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Most People Don’t Know These Southern Words

Do you know these unique southern words and phrases? Are you a real southerner?

She’s “pitching a hissy fit” means…

{“answers”:[{“answer”:”Fighting back against something.”,”correct”:false},{“answer”:”Exercising too much.”,”correct”:false},{“answer”:”Having a temper tantrum”,”correct”:true}],”answerText”:” The literary origin comes from the 1934 US-based publication titled ‘American Speech’ which explained the concept.  “,”answerImage”:””}

“Ornery” means…

{“answers”:[{“answer”:”Far too indecisive.”,”correct”:false},{“answer”:”Bad-tempered or hard to deal with.”,”correct”:true},{“answer”:”Can’t hear very well.”,”correct”:false}],”answerText”:” The word ornery first appeared in the United States after the turn of the nineteenth century as a variant of the word ordinary. In the beginning, ornery described something that was ugly or plain. By the mid-1800s the term came to mean cantankerous or ill-tempered. “,”answerImage”:””}

If someone says he’s “rode hard and put up wet”, it means…

{“answers”:[{“answer”:”Had a rough life.”,”correct”:true},{“answer”:”Working a lot with no benefit. ”,”correct”:false},{“answer”:”Spending a lot of time outside.”,”correct”:false}],”answerText”:” It refers to riding a horse “hard” to exhaustion and putting him up “wet,” rather than brushing him off and cooling him down.  “,”answerImage”:””}

“That dog won’t hunt” …

{“answers”:[{“answer”:”It won’t work.”,”correct”:true},{“answer”:”He won’t do it.”,”correct”:false},{“answer”:”She’s given up.”,”correct”:false}],”answerText”:” It’s modeled on the 17th-18th century phrase “that cock won’t fight”. In the days of cock-fighting, a cock that wouldn’t fight when sent out into the pit. “,”answerImage”:””}

“Cattywampus” means…

{“answers”:[{“answer”:”An unpleasant person.”,”correct”:false},{“answer”:”Askew or crooked.”,”correct”:true},{“answer”:”Going crazy.”,”correct”:false}],”answerText”:”  It was first recorded in the 1830–40s. Originally, catawampus also meant “fierce.” It’s thought to be an American colloquialism influenced by the “cater-” in cater-cornered (or for many of us, kitty-corner) and “wampish”, Scottish for “flopping about.” “,”answerImage”:””}

“Spring Chicken”?

{“answers”:[{“answer”:”Very active.”,”correct”:false},{“answer”:”Very jittery.”,”correct”:false},{“answer”:”Very young.”,”correct”:true}],”answerText”:””,”answerImage”:””}

“It doesn’t amount to a hill of beans.” 

{“answers”:[{“answer”:”The outcome is odd.”,”correct”:false},{“answer”:”It’s not worth very much.”,”correct”:true},{“answer”:”There needs to be more.”,”correct”:false}],”answerText”:” “An older saying, “not worth a bean,” appeared as far back as 1297, when historian Robert of Gloucester wrote it in his English Chronicles. The American saying, “not worth a hill of beans,” began to appear around 1863; “a hill of” was often inserted into phrases to emphasize their meaning.” “,”answerImage”:””}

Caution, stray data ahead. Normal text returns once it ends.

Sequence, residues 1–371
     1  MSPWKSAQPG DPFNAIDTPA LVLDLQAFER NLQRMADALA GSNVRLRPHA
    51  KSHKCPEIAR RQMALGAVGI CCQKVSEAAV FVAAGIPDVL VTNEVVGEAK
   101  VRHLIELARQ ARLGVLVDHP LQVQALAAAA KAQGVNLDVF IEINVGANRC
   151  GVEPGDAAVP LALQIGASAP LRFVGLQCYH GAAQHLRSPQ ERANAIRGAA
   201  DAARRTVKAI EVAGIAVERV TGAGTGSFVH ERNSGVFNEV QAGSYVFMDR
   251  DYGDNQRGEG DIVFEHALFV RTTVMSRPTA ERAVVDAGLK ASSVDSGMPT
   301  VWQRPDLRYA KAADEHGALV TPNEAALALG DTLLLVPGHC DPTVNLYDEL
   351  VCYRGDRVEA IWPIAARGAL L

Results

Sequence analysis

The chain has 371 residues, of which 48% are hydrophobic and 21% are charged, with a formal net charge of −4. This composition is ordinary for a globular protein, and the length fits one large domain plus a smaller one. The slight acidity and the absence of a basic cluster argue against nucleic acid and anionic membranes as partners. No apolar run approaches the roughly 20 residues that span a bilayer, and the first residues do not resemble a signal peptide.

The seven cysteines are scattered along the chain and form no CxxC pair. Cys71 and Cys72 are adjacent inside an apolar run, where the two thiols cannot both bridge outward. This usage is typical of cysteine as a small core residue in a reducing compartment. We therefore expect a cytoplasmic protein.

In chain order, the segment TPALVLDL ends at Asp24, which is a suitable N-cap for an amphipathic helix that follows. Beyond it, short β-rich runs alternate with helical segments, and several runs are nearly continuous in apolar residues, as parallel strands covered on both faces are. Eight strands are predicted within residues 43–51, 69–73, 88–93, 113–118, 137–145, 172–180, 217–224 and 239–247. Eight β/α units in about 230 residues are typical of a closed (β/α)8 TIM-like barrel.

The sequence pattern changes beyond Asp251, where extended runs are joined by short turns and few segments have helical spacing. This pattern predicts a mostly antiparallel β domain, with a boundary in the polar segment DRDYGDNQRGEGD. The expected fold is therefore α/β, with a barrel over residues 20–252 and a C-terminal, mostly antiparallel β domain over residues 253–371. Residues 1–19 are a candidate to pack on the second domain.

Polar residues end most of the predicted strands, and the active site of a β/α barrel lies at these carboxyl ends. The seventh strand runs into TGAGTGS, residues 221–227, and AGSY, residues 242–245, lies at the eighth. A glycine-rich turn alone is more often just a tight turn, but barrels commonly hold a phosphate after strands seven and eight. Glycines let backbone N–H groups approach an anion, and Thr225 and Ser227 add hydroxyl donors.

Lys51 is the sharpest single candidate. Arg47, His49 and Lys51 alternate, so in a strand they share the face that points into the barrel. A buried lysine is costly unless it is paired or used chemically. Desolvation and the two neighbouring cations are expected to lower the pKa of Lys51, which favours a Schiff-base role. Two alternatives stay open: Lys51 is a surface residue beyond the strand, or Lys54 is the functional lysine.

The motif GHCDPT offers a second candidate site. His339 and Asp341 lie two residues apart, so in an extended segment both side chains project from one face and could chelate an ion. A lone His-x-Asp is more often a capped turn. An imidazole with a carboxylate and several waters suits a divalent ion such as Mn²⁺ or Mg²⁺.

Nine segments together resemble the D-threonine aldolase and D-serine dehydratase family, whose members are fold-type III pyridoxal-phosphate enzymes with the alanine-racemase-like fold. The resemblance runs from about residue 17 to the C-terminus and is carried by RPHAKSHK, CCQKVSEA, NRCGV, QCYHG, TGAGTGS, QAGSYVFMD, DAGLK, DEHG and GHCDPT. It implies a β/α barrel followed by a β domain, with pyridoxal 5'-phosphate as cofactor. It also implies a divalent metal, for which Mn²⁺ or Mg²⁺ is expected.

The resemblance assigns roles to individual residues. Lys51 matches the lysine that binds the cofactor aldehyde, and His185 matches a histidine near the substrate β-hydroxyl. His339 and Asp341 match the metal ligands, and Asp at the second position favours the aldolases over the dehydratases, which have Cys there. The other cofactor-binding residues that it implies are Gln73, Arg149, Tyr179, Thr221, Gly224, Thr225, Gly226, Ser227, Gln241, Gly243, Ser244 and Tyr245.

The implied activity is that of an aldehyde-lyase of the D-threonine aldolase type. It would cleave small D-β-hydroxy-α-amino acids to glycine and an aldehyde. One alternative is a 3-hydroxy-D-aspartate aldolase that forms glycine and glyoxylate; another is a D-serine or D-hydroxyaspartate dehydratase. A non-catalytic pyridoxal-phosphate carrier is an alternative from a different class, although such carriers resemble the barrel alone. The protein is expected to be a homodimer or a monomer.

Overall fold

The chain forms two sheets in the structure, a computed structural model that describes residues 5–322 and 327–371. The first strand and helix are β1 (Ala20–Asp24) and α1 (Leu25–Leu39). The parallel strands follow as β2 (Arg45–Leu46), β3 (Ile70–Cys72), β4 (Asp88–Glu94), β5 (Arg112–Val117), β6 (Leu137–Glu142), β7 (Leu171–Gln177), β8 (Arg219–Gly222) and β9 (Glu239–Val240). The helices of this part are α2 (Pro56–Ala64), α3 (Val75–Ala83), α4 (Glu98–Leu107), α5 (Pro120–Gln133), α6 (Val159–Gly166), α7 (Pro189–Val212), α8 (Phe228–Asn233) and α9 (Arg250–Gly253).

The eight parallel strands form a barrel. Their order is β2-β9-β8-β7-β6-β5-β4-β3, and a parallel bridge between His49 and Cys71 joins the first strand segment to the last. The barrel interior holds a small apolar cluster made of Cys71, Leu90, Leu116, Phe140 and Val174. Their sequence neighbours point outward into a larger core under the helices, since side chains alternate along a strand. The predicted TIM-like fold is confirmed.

What’s a “crawdad”?

{“answers”:[{“answer”:”Crawfish”,”correct”:true},{“answer”:”Alligator”,”correct”:false},{“answer”:”Big crow”,”correct”:false}],”answerText”:” Alteration of crawfish (which is itself a regional alteration of crayfish). “,”answerImage”:””}

If someone says “Hankerin”, it means…

{“answers”:[{“answer”:”To be upset about something.”,”correct”:false},{“answer”:”To need to sneeze badly.”,”correct”:false},{“answer”:”To have a strong or persistent desire.”,”correct”:true}],”answerText”:” c. 1600, “linger in expectation;” 1640s, “have a longing or craving for,” of unknown origin. Probably from Flemish hankeren, related to Dutch hunkeren “to hanker, to long for,” which is perhaps an intensive or frequentative of Middle Dutch hangen “to hang”. “,”answerImage”:””}

“He could eat corn through a picket fence.” 

{“answers”:[{“answer”:”He’s very hungry.”,”correct”:false},{“answer”:”He will eat anything.”,”correct”:false},{“answer”:”He has a large tooth gap.”,”correct”:true}],”answerText”:” The phrase reportedly originated in C. Davis’ “Diary of 1865.”  “,”answerImage”:””}

What is “Coke”?

{“answers”:[{“answer”:”Any kind of soda.”,”correct”:true},{“answer”:”Only Coca-Cola”,”correct”:false},{“answer”:”A mix of soft drinks.”,”correct”:false}],”answerText”:” It may be because of the availability, the proximity, or just the popularity, but it’s not really clear how or when it took off.  “,”answerImage”:””}

Fill in the blank … “____ than a wet hen.”

{“answers”:[{“answer”:”Crazier”,”correct”:false},{“answer”:”Madder”,”correct”:true},{“answer”:”Sadder”,”correct”:false}],”answerText”:” When hens were brooding (angry and troublesome), Southern farmers used to dunk them in cold water in an effort to make them snap out of this phase. By doing so, they could collect eggs more easily.  “,”answerImage”:””}

“Gumption” means

{“answers”:[{“answer”:”Silliness and slowness.”,”correct”:false},{“answer”:” Aggressiveness and resourcefulness.”,”correct”:true},{“answer”:”Sickness and pain.”,”correct”:false}],”answerText”:” The word “gumption” itself first appeared in English dialects in the early 18th century, imported from Scots, where it meant “common sense” or “shrewdness.” “,”answerImage”:””}

“Well, that just dills my pickle.”

{“answers”:[{“answer”:”Makes me confused.”,”correct”:false},{“answer”:”Makes me happy.”,”correct”:true},{“answer”:”Makes me upset.”,”correct”:false}],”answerText”:” There are many variations of the idea. Eg. “That just butters my biscuit.” “,”answerImage”:””}

“Bless your heart!” is …

{“answers”:[{“answer”:”A mild insult.”,”correct”:false},{“answer”:”Sympathy.”,”correct”:false},{“answer”:”Both.”,”correct”:true}],”answerText”:” The phrase has many meanings and is of British origin.  “,”answerImage”:””}


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